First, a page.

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Pak authorities use sewage water, goats to disrupt Pashtun rally

Activists were particularly upset that Mumbai terror attack mastermind Hafiz Saeed and Khadim Hussain Rizvi of the Tehreek-e-Labbaik, another extremist organisation, were allowed to hold rallies in Lahore without any hindrance.

world Updated: Apr 23, 2018 07:45 IST
Imtiaz Ahmad
Imtiaz Ahmad
Hindustan Times, Islamabad
Lahore,goat,Mochi Gate
Pakistani members of the Pashtun Protection Movement (PTM) and student activists gather before the start of demonstration in Lahore on April 22, 2018. Pakistani Pashtun activists have vowed to hold a banned demonstration in the eastern city of Lahore April 22 after after authorities refused to issue a permit for the rally, just hours after officials cracked down on the group. / AFP PHOTO / ARIF ALI(AFP)

Leaders of a Pashtun movement vowed to keep up with their struggle after Pakistani authorities cancelled permission for their rally in Lahore on Sunday and used sewage water and entrails of goats to disrupt it.

The Pashtun Tahaffuz Movement (PTM) is fighting for restoration of human rights in Khyber Pakhtunkhwa as well as accountability for the Pakistan Army's actions in the tribal areas.

The provincial Punjab administration refused to grant permission for the rally at Lahore’s Mochi Gate. To make sure no rally was held, workers of the sanitation department flooded the ground with sewage water. Entrails of goats and other animals were also thrown about at the ground by government workers to create a pungent smell, independent observers said.

The PTM’s request for holding the rally was rejected due to “prevailing security circumstances”, an official said.

Ali Wazir, a member of PTM, in a statement had appealed the people of Lahore to gather at Mochi Gate to learn about the ordeal Pashtuns were going through in war-hit areas.

“We want to give details that don’t reach you due to media censorship,” a PTM member said. Various civil rights groups, including Lahore Left Front, Joint Action Committee and Women Action Forum, had announced support for the PTM event.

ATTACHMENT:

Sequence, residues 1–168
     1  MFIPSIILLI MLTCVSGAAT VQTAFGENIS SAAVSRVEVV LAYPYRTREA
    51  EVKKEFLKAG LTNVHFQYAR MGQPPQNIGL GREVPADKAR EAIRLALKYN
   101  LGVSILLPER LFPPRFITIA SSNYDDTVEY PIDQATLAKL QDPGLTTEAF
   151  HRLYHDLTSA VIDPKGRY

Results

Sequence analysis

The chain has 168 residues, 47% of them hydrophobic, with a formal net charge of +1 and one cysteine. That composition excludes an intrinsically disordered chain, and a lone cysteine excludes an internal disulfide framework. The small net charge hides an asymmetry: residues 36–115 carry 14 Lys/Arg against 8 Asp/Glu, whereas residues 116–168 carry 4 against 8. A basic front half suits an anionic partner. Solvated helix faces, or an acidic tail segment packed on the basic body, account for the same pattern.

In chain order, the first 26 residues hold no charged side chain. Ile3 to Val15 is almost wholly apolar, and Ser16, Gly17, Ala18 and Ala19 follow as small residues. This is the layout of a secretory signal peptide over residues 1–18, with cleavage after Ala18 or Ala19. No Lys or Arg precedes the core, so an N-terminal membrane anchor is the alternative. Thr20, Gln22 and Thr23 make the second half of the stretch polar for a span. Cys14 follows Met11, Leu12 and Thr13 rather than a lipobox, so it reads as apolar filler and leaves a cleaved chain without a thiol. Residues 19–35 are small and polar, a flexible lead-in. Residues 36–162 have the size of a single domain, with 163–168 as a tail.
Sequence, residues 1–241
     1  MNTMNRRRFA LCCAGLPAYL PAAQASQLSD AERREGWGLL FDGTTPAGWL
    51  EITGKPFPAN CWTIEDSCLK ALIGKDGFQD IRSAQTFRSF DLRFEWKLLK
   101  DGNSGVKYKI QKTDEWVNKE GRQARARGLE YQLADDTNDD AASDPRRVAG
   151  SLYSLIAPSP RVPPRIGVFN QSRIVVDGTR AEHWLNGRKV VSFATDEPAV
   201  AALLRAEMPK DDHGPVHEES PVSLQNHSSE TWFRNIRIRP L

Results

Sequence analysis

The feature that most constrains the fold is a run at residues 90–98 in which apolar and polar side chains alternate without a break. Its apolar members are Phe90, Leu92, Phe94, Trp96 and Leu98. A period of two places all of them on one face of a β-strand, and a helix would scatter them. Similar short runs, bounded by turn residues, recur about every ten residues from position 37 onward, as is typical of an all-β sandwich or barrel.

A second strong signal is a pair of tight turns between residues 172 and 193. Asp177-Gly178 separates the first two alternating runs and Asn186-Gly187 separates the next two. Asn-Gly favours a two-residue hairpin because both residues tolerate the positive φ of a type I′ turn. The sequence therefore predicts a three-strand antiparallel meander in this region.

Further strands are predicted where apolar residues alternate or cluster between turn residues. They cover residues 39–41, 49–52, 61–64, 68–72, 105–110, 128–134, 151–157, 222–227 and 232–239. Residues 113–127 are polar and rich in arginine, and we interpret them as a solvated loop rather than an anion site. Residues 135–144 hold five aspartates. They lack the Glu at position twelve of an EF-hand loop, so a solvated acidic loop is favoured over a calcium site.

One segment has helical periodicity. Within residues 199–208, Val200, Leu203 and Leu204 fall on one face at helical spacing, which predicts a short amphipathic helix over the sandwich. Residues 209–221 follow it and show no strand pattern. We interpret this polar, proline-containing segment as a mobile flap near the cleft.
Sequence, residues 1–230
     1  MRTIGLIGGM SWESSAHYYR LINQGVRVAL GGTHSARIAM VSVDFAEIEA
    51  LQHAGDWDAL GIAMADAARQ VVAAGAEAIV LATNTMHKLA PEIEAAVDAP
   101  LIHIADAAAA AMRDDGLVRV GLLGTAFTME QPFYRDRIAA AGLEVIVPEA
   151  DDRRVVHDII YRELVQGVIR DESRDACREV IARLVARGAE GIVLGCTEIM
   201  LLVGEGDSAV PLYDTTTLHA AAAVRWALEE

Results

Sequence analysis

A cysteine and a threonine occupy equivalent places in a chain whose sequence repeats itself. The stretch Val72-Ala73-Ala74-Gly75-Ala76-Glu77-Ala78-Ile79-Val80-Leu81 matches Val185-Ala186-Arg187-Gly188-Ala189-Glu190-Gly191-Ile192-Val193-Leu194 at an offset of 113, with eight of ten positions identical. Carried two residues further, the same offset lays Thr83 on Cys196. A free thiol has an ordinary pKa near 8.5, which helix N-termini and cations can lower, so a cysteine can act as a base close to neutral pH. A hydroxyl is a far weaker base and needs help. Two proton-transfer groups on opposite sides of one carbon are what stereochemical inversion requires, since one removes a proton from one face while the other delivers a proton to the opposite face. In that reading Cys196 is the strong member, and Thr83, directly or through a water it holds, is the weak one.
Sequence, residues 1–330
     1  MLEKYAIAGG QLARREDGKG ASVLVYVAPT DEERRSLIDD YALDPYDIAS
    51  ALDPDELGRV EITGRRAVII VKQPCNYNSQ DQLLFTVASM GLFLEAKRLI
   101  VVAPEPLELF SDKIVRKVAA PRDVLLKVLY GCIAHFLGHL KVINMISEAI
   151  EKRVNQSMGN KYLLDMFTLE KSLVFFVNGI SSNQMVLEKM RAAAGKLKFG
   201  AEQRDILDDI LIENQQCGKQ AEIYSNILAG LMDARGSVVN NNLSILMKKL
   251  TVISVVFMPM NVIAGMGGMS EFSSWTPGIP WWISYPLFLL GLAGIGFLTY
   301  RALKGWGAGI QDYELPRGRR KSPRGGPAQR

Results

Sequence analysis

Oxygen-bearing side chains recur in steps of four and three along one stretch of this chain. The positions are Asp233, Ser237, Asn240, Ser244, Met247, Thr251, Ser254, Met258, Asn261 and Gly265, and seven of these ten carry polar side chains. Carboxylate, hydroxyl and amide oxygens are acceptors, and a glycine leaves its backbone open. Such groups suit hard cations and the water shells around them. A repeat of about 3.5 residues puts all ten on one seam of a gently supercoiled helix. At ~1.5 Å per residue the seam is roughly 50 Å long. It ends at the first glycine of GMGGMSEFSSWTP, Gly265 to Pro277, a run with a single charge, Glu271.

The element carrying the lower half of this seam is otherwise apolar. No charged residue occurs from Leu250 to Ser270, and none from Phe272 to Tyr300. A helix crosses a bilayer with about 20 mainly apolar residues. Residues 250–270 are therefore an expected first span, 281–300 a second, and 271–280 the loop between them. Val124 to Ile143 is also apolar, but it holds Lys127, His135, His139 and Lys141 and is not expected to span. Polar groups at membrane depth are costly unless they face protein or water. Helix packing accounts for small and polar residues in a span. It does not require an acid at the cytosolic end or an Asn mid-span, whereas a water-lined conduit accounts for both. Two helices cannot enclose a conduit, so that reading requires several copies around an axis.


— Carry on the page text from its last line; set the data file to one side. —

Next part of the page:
“We have informed the police that come what may, we will hold the rally at Mochi Gate," a member of Left Front told local media.

He said the PTM had twice requested Lahore administration for permission but they denied. “We have told them that we won’t accept their undemocratic ban, which is a violation of right of association.”

Activists were particularly upset that Mumbai terror attack mastermind Hafiz Saeed of the Jamaat ud Dawa and Khadim Hussain Rizvi of the Tehreek-e-Labbaik, another extremist organisation, were allowed to hold rallies in Lahore without any hindrance.

Mosharraf Zaidi, a political analyst, commented on Twitter: “Khadim Rizvi coddled by the Pakistani elite - civilian and military. Manzoor Pashteer (of PTM) demonised and denied NOC by the same elite. One spits at the constitution, The other demands constitutional raj. Why the dissonance?”

The five demands made by the PTM include the repeal of the laws under which the Federally Administered Tribal Areas are governed and the integration of FATA into Pakistan.

One such law, the draconian Frontier Crimes Regulation, gives unlimited powers to the law enforcement agencies and no legal protection or recourse to the people who live in that area.

The PTM has also touched a raw nerve by criticising the military operation in their area, particularly in Waziristan.

Officials have conceded that in the war against terror, more than 50,000 civilians have been killed in militant attacks and military offensives in the region.

More than 6 million were displaced in dozens of military operations as hundreds of thousands of families lost their businesses and livelihoods. The PTM insists that the bulk of these casualties were in FATA. They say the authorities are yet to clear land mines planted at the time of the fight against militants.

The PTM is also protesting the imposition of curfews and the arbitrary measures imposed by the army during its operations there as this bring untold hardship on the people of the area.

They have also demanded that the victims of forced disappearances, many of whom they suspect are in military custody, be presented before the courts.

The PTM has also criticised the military's role of siding with one militant group against another. The movement also insists that militants have not been wiped out of the areas as the army chief claims.